Nice review of how JRiver sounds using Bel Canto vs Auralic streamer. Unfortunately JRiver is not the best streaming sound source. Can you come back at us with a Kinsky controlled NAS using Minimserver comparison please vs a review limited by JRiver.

Michael Lavorgna's picture
But it will take a few weeks.
Patatorz's picture

What makes you say that ?


Patatorz's picture

Thanks for this review. I own the refstream after the Auralic Aries, totaldac d1 server, 3dlab nano etc...the refstream is definitely the best streamer I had in hands : more dynamic, more sound stage, music less fuzzy than the Nano and more precise on timbres than the Aries.

One comment, the refstream can perfectly stream DSF files to my DAC (Totaldac D1 dual) in DoP mode (DSF transcoding in minimstreamer), no conversion to PCM 176kHZ

Patatorz's picture

Hello. Just a confirmation from belcanto and my tests, native DSD64 are converted to PCM 24/176kHz.
The refstream can push DSD format to the DAC as soon as the DSD is encapsulated in PCM (DoP) and the DAC is able to decode DSD on AES for example.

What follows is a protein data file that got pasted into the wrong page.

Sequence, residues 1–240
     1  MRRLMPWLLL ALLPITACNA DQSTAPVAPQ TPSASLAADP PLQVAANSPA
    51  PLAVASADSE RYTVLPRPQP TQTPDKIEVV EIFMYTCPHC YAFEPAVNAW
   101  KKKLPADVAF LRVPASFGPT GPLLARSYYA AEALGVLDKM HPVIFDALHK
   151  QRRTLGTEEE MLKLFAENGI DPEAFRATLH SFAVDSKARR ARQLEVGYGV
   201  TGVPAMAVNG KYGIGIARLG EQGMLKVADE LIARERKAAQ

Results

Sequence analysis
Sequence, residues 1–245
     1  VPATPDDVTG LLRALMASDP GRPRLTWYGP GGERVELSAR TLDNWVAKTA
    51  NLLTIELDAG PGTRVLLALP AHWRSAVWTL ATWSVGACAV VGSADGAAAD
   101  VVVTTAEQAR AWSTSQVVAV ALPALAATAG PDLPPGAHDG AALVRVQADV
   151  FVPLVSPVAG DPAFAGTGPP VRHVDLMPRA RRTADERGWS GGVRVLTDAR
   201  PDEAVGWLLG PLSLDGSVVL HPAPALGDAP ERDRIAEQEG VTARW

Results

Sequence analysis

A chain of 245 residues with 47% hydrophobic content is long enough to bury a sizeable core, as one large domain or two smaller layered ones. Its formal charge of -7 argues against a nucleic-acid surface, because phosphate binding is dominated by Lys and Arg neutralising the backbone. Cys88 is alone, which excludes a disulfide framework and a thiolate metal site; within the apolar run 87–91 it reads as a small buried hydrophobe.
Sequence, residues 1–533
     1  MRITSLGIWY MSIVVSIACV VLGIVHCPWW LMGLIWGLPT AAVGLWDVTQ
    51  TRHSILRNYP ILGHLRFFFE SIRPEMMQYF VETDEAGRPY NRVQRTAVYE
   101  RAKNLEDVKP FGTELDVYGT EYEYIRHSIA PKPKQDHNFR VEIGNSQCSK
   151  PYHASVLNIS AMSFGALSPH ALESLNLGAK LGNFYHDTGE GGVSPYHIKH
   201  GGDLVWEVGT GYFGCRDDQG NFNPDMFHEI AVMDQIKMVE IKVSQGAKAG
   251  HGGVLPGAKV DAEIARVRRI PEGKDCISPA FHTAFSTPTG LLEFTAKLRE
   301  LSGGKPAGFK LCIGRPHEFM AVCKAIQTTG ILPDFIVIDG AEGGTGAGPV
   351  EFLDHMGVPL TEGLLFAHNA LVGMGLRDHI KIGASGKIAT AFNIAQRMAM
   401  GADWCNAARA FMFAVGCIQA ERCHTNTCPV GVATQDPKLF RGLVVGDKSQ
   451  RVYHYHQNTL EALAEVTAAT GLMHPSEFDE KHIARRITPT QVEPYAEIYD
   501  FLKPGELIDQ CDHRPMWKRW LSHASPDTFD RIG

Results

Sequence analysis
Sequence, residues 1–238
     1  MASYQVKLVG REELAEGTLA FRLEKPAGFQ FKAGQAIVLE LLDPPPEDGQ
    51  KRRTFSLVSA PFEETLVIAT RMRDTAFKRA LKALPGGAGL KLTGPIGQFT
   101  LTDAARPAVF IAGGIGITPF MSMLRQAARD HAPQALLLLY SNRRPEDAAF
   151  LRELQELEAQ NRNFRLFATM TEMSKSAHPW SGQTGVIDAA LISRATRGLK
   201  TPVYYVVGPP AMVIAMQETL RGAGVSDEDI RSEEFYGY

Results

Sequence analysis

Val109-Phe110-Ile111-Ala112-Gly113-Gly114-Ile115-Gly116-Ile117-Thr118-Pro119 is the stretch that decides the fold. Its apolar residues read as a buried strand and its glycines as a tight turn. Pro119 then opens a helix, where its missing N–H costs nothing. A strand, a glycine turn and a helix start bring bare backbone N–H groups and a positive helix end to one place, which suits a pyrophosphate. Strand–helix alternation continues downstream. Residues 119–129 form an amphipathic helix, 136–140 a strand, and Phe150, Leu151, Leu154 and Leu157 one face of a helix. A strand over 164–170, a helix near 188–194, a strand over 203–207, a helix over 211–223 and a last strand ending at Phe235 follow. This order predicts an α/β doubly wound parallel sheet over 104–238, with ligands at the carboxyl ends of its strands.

Best regards

DavidL's picture

Any chance of a comparison of the Bel Canto REFStream renderer with the Sonore Signature Rendu or the original Rendu?

I did a comparison of renderers in January 2014 auditioning the Krell Connect, the Naim ND5 XS and the Cyrus Stream X2. I thought the Krell sounded the best, slightly better than the Naim with the Cyrus some way behind. I bought a Sonore Rendu unheard, purely on the basis of reviews, as I was deterred by the huge box and price of the Krell. The sound quality from the Rendu is excellent but I did not have the opportunity to compare it directly with the Krell Connect. Memory of sound quality is notoriously difficult but I tend to think the Krell Connect may have had the edge over the Rendu.

Your very positive review suggests to me that the sound quality of the REFStream is in the same class as that of the Sonore Signature Rendu reviewed on Computer Audiophile.

Any thoughts?